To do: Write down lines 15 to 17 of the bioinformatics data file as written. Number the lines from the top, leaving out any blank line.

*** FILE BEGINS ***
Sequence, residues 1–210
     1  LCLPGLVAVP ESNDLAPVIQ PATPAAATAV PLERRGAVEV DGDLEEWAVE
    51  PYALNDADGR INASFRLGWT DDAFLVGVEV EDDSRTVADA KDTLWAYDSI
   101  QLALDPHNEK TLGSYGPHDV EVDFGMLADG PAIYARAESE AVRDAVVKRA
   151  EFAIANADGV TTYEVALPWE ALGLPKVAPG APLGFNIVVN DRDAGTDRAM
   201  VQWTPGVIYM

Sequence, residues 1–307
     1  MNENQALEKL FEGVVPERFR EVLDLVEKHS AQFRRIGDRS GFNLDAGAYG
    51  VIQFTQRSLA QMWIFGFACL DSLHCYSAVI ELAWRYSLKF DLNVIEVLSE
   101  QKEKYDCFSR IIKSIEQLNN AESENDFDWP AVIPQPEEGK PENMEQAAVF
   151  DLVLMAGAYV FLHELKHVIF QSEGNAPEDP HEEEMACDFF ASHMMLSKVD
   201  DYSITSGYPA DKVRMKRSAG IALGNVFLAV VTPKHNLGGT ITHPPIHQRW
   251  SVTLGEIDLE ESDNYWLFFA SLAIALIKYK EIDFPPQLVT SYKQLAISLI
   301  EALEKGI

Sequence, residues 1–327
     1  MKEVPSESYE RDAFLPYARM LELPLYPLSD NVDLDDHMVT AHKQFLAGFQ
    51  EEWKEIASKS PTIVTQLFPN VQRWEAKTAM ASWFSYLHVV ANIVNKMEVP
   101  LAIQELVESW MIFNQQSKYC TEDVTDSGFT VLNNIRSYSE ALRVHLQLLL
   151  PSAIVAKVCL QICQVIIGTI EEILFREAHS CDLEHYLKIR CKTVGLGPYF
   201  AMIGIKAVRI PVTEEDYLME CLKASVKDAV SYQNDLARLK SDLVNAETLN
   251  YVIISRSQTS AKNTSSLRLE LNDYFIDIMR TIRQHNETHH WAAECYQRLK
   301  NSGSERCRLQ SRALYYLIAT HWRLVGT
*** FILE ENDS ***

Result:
Sequence, residues 1–327
     1  MKEVPSESYE RDAFLPYARM LELPLYPLSD NVDLDDHMVT AHKQFLAGFQ
    51  EEWKEIASKS PTIVTQLFPN VQRWEAKTAM ASWFSYLHVV ANIVNKMEVP